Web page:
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December 14, 2004
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American Psychological Association: Answers to Your Questions about Panic Disorder

Panic Disorder—What Happens in the Brain



   09.16.04
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Patients suffering from attacks of panic brought on by a hard to define fear factor may soon have better treatment options. As this ScienCentral News video reports, researchers are a step closer to understanding how this disorder works to alter biology in the brain.

Fear Factor

With cars blurring past to her left and right, Judy Niosi pried her fingers around the steering wheel as she drove along a major highway, struggling to come to grips with what she thought was a heart attack.

"My heart started pounding—forcefully—to the point where I thought my chest was going to explode," recalls the 37-year-old graphic artist. "My hands became sweaty and I had the constant thoughts that I was going to die."

Niosi gulped down air, talked to herself in a soothing tone and somehow rumbled up her driveway a short while later. By then, her symptoms had disappeared. "I immediately got on the Internet looking for things, you know, heart attack symptoms to make sure that I wasn't having a heart attack," she says. "And I came across panic attacks and then I realized it must've been a panic attack." Her physician confirmed her suspicions.

Doctors have long suspected that panic attacks like Niosi's—characterized by repeated bouts of intense fear that seem to come out of nowhere—could be hereditary and may result from the way our brains are wired. Piling up is new evidence that this may be the case. Psychiatrist Alexander Neumeister, an assistant professor at Yale University, reported in the Journal of Neuroscience that key brain receptors that receive chemical signals from other cells are deficient in those who suffer from panic attacks. The receptors help move the brain chemical serotonin—it regulates emotion—around the brain.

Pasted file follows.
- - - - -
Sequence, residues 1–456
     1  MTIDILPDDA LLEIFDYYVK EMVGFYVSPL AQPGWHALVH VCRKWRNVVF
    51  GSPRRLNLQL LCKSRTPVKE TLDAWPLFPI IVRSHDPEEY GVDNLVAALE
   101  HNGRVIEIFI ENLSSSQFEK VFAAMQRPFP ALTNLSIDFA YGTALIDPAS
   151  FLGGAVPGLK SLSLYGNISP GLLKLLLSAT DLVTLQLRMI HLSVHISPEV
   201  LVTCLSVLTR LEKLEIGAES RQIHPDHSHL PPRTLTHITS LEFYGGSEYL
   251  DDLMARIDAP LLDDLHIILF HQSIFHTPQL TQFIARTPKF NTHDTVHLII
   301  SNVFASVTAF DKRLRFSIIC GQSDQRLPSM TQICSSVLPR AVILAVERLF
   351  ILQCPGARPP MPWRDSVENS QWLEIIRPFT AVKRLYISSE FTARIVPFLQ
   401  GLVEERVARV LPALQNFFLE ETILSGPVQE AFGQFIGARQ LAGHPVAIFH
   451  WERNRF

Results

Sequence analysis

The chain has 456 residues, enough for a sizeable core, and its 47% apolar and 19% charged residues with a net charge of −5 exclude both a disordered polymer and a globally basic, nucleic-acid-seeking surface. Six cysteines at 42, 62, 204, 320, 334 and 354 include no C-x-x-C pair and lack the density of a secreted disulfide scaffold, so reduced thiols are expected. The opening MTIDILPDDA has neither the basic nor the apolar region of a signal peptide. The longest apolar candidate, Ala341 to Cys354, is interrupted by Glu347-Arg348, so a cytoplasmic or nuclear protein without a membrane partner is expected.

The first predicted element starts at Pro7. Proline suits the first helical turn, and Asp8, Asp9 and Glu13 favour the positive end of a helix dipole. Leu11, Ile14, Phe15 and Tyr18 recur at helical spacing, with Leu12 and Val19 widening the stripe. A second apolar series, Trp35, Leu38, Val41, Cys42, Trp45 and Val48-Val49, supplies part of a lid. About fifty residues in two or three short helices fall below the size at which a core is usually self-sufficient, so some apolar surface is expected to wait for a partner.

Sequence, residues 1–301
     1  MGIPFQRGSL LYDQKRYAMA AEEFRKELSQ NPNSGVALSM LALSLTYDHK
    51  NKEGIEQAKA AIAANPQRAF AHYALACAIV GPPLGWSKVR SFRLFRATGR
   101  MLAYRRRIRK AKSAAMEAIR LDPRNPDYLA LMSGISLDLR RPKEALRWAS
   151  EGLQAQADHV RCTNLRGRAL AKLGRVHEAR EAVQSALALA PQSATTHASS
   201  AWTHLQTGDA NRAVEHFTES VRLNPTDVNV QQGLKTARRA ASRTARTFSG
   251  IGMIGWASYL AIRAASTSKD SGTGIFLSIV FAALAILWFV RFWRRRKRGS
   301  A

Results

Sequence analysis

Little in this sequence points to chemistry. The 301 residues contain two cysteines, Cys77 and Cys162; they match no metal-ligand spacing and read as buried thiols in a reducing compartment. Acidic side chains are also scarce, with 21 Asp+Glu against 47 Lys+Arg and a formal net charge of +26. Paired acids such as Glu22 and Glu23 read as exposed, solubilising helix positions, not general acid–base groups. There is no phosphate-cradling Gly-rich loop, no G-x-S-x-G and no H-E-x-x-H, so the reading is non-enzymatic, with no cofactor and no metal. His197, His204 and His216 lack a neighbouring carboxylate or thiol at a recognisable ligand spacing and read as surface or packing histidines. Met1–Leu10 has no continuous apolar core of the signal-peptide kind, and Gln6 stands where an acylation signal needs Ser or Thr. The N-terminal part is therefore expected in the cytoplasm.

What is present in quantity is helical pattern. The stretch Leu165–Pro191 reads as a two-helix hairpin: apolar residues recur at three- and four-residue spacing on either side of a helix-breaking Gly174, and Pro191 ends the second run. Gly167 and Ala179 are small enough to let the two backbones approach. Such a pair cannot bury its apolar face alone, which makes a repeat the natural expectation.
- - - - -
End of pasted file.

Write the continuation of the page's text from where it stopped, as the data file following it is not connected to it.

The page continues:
"What we were looking for is to count the number of receptors in very specific areas of the brain which we think are involved in the regulation of mood and anxiety in humans," Neumeister says. "And what we found in the brain of people with panic disorder is that they have a reduction of about 30 percent—which is a dramatic reduction—in the number of receptors compared to people who do not have panic disorder."

Neumeister and his colleagues used positron emission tomography, or PET scans, to look at the brains of 16 adults with panic disorder and 15 healthy people of the same age. Three brain areas—the anterior and posterior cingulates, which regulate mood and anxiety, and the raphe, which has a similar function—were found to have significantly fewer serotonin type-1A receptors in those suffering from panic disorder. People not prone to panic attacks had more of these receptors. "If you have a reduction of serotonin function in those areas then you're much more vulnerable to develop symptoms of anxiety," Neumeister says.

Brain receptors receive serotonin
Niosi has worked hard to conquer her anxiety and says her symptoms have abated somewhat. The National Institute for Mental Health (NIMH) estimates that there are 19.1 million American adults ages 18 to 54, or about 13.3 percent of people in this age group, struggling with panic disorder. The disorder quickly disrupts everyday life. "You become fearful of social situations," Niosi explains. "[The panic attacks] just hit you. And the main thing is you don't ever want other people noticing you when you're having these types of problems so, in essence, you become fearful of public places."

One of the ways doctors currently treat panic disorder is with medication called selective serotonin reuptake inhibitors, or SSRIs. When Niosi went to her physician, that's what she was prescribed. But Niosi wanted to handle her panic attacks differently, through talk therapy, breathing exercises and meditation. She says she's having increased success but complains that knowing more about the disorder "doesn't feel any better for the next panic attack that happens, because even though you know you're not having a heart attack, it still feels like one."

Psychiatrist Eric Hollander of Mount Sinai School of Medicine says that new technology like PET scans will eventually revolutionize psychiatric patient care. "One of the nice things about new imaging studies [like Neumeister's] is that they can tell us how sensitive specific serotonin receptors are in the brain in particular individuals," he says. "Ultimately this will help us tailor our treatments to specific individuals."

The most important thing for panic disorder patients is to immediately seek help, Neumeister says. If not, the disorder could wreak havoc. "In the long term in panic disorder people start out with one panic attack and then maybe another panic attack, and then those episodes become more intense, they become more frequent, and after a while those people develop depressive symptoms," Neumeister says. "Usually, at the end, if the disorder is not treated properly, they have panic disorder and depression."

Niosi says she's not about to let that happen. She battles hard to monitor her feelings: "The funny thing is, the days that I'm really successful—and I have been—I feel empowered. I feel like I took care of it myself. I was able to deal with it myself. And I conquered it."

This research appeared in the January, 2004 issue of the Journal of Neuroscience and was funded by the Intramural Research Program at the NIMH.


 
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